So, we might do well to consider how well our investments will do in a stagflationary environment. For many businesses, staflation is the worst case scenario. They get pinched on costs, and cannot raise prices since there is no corresponding wage inflation in the US. China is the opposite. They will get wage inflation and have already raised the minimum wage from $50 a month (yep u heard right) to $100 roughly.

Stagflation can last years even decades. Japan experiences it, not inflation but a decade of stagnation and slight deflation. Stagflation caused gold and commodities to skyrocket in the late 70’s. Stagflation is gold friendly.

In any case there is another issue I’m concerned with. I don’t like the idea of people trying to survive financially with say only precious metals and commodities as inflation hedges.
That is because these are so volatile (except gold mostly).

Must look further ahead

It seems better to me for US and Western investors to look past the present day story (the USD faltering and China growing stronger by the year) of inflation and stagflation, and start to think of what happens after the USD loses its leading status in the world. Are there US companies who can survive or even thrive?

The thing to do is to combine key US stocks such as Tech, where we still lead, and start to build a tech and US stock portfolio that leverages our advantages, tech in this case. We also have lots of cutting edge energy companies and resources.

The reason I bring up things like Tech stocks is because this is where we have a real chance to escape a stagnant US stock market or Western stock market that is starting to look Japanese.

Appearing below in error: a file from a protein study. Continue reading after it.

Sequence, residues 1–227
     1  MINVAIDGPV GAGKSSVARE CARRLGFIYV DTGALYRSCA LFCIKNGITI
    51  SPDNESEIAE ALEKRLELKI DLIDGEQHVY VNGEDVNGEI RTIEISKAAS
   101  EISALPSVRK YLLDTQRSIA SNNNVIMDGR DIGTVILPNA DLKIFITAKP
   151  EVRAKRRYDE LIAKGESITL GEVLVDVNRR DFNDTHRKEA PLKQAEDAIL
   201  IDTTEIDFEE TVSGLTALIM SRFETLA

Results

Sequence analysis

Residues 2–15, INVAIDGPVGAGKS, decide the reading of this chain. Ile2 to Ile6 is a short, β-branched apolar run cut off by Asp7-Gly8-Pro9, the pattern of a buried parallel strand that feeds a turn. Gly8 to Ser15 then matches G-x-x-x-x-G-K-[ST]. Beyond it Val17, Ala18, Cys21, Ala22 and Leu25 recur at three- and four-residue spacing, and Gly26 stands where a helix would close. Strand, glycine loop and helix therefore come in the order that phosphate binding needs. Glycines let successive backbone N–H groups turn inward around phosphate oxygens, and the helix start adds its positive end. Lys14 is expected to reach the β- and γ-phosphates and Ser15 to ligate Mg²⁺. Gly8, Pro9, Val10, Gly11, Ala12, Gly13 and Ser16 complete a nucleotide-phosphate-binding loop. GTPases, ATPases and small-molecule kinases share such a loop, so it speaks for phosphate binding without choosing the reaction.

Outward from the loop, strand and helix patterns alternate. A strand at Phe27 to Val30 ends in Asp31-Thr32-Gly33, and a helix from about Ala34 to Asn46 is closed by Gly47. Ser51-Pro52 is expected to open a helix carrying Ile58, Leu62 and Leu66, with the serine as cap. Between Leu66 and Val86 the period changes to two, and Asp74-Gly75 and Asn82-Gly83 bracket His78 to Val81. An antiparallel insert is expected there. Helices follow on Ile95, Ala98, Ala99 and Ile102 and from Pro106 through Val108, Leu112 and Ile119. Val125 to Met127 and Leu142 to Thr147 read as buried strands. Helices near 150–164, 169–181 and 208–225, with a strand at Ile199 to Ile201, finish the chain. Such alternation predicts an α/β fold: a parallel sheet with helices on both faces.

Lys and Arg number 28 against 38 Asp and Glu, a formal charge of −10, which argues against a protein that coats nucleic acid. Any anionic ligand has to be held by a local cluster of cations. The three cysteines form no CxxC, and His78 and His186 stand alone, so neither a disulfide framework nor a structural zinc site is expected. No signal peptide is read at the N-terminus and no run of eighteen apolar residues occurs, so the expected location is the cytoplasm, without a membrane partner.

To do that requires a change in strategy, from only tracking say stagflation in the US to also considering what companies and businesses in the US will benefit from the technical advancements, all the while the Old economy still gets outsourced, deflated, and gradually dies a slow death (with things like labor offshoring).


In my case, I am an expert in the internet, databases, and math. We are starting to look at various tech stocks that might have a long future ahead of us, even if the USD were replaced. There WILL be a USA after a USD crash and a new currency, and many US companies will survive.

But we do feel that some other sectors, such as tech stocks (careful!) will be necessary to get past the coming turmoil of the next few years. We are investigating this area.

In any case, the USD may likely suffer its first real test this summer when QE2 ends. I am fairly sure a QE3 will be implemented. But if not, then we will see some real changes to the markets after Summer.

The Prudent Squirrel newsletter is our financial and gold commentary. Subscribers get 44 newsletters a year on Sundays, and also mid week email alerts as needed. The alerts include quick notification of important financial news developments by email. Subscribers tell us that the alerts alone are worth subscribing for.

Christopher Laird of Prudent Squirrel

Disclaimer: Chris Laird is not an investment advisor/professional. This article, and the PrudentSquirrel newsletter and alerts, are general market commentary only. They are not intended as specific advice. You should talk to your own investment professionals for specific advice. Information here is deemed reliable but should be verified by you if you think it’s important.